These are my notes from my December 1999 Zhan Zhuang Training Journal. I train with The School of Cultivation and Practice which practices Wujifa zhan zhuang. (My current reflections are added in italics.)
* Cry inside. Deny the expression. Shut it down. Deaden the feeling. Turn it off. Suck it up. Get over it. Carry on like nothing happened. Don't feel. Lock it away and move on. Escaped to the head. Safe. Approved. But it's still there. Won't go away. Just twisting me up. I'm exhausted. Worn out. I spend a lot of energy fighting myself, holding back. (I'm in such a better place these days though there is still some residue lurking in the corners!)
* I can talk about activities, but don't know how to talk about feeling. Head-smart, body-dumb.
* I'm in a store and I feel something inside me 'open' and then my body shudders and 'closes'. Weird.
* Realized I can't change others, only myself. Strategy of denial is not working.
* Such a potpourri of feelings I'm afraid to feel, I don't have words for. Where do I start? How to change?
* As I work on relaxing my pelvis, I notice my upper back feels like a coat of armor, like I'm carrying a heavy weight. And when I turn to focus on relaxing the upper back, chest, shoulders, I just feel angry.
* What happens if I let go? What does it mean to let go? How does it feel to let go? I'm afraid.
* Feeling and thinking are two different things.
* One cannot truly understand this without the traditional "oral transmission". Why? Because it takes a one-on-one to show, explain, to transmit the feeling. Adjust. Ahh. There. Got it? You can't get adjustments that evoke the feeling from someone who doesn't feel it themselves even if they know the concepts and words. (Before, I thought the classics' "oral transmission" meant only showing and correcting forms, practicing push-hands and applications. I think this is still true and so much more.)
* Purpose. What's your purpose? Why learn this stuff? What are you going to do with it?
* Why learn this stuff? "My answer." Why? "My answer." Why? "My answer." Why? (We went through about 20 "Why" cycles like this before touching probably the real reason. I think my answers may be different from your answers so I'm only providing the framework of the exercise.)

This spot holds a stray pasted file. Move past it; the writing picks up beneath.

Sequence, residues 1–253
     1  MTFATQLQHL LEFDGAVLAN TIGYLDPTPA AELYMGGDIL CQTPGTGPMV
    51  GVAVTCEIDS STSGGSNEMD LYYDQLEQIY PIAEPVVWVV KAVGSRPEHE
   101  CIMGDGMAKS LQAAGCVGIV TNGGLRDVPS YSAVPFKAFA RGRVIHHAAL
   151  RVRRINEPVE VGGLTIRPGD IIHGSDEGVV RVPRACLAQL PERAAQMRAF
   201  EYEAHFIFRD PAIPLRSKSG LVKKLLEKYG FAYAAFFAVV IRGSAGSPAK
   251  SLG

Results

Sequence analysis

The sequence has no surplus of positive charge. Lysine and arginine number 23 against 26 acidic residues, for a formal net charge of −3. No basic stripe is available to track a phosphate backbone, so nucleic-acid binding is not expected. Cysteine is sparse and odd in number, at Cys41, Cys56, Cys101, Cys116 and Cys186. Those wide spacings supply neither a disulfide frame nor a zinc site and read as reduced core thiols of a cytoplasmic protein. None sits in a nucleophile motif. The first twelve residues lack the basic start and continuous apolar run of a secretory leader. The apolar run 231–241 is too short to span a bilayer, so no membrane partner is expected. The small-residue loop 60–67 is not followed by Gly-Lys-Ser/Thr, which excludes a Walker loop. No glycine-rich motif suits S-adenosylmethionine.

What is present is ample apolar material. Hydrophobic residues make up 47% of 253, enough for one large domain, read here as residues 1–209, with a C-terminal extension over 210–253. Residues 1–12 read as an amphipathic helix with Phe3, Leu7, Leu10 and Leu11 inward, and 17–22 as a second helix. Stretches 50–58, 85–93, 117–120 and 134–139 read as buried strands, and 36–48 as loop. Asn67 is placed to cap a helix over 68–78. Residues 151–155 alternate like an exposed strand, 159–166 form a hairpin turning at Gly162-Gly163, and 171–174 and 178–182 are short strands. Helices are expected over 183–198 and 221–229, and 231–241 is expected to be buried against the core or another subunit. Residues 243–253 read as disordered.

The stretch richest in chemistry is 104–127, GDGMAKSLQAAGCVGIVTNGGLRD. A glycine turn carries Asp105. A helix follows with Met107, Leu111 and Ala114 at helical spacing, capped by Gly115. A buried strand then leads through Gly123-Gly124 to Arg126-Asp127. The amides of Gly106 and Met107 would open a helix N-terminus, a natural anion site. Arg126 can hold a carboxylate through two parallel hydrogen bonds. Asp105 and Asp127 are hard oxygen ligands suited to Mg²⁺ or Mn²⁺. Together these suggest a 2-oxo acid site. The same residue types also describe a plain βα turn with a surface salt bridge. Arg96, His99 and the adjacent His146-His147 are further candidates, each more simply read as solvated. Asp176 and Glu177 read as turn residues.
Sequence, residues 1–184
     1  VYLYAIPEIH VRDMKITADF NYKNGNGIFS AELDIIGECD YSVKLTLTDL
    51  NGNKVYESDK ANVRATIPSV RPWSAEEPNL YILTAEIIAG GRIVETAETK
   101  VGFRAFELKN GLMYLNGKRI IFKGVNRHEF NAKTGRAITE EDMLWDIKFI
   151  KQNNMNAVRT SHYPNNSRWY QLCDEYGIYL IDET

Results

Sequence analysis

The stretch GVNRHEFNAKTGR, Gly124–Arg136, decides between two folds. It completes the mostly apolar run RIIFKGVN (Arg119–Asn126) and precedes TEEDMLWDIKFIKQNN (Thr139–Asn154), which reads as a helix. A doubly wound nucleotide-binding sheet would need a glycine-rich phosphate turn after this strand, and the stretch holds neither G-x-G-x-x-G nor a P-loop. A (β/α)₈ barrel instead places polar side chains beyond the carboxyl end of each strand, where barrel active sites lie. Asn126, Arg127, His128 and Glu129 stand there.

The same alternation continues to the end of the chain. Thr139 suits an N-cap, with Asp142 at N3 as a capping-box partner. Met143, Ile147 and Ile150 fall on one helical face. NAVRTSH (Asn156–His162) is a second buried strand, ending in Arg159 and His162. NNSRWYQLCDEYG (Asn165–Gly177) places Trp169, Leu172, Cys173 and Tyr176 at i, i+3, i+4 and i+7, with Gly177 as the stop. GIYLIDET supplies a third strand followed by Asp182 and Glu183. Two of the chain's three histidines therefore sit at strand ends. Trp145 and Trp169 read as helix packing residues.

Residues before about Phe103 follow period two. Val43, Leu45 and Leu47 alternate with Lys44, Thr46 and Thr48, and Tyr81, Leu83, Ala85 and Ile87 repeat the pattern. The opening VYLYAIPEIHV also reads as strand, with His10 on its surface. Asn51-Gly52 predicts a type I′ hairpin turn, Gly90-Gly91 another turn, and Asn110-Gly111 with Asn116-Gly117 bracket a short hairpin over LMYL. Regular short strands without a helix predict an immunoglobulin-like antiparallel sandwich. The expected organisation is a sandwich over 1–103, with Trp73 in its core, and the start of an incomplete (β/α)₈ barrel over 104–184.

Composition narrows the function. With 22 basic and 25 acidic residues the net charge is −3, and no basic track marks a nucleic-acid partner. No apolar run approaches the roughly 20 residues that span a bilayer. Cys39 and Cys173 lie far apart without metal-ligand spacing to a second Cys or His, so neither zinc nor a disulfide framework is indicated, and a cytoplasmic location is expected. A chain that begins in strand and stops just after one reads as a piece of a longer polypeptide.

* I'm so frustrated! I can't feel it! Why can't I get it?! Response: Because you're not in your body. You're floating up here somewhere - gesturing above my eyes. Probably because it became too painful to feel so you retreated into your head and have stayed there so long...
* I read about using imagination. Is imagining feeling the same as feeling? I'm trying to feel and just can't get it. Response: Instead of trying, how about allowing? Imagine yourself allowing yourself to feel. "I can't do that. I can't allow myself to feel." Why not? "It hurts." Then why are you here? What's your purpose?
* Physical pain hurts. I can deal with that. Emotional pain I can run from, swallow, suppress. Response: But they're both pain. Pain is pain. Why are you willing to accept pain from one and not another? "Physical pain goes away. Emotional pain lingers."
* Stance is about standing. Making a stand. Having something to stand for. Not running away. (And I would add, being fully present!)
* I learned in push-hands that yielding was a noodle-like, squishy kind of movement. But I didn't develop groundpath, connection by developing noodle-man. Didn't have to resolve blocks of tension or gaps. So I learned wrong. Found a way around my blocks of tension. Now have to try to undo bad body-habits. Geez, what a mess!
(Remember this childhood toy, when you pull the string, the arms and legs pop up? Think of the string as connection. The figure is wobbly and noodly until the string is pulled and then, Voila! Connection!)
Introductory article explaining this "Journal Notes" series: Zhan Zhuang Training Journal
Previous article in this series: I Can't Feel Anything: Journal Notes #1
Next article in this series: Half Hour Getting Easier - Journal Notes #3
Make sure to visit Wujifa.com and the Wujifa blog.
And stop by The School of Cultivation and Practice.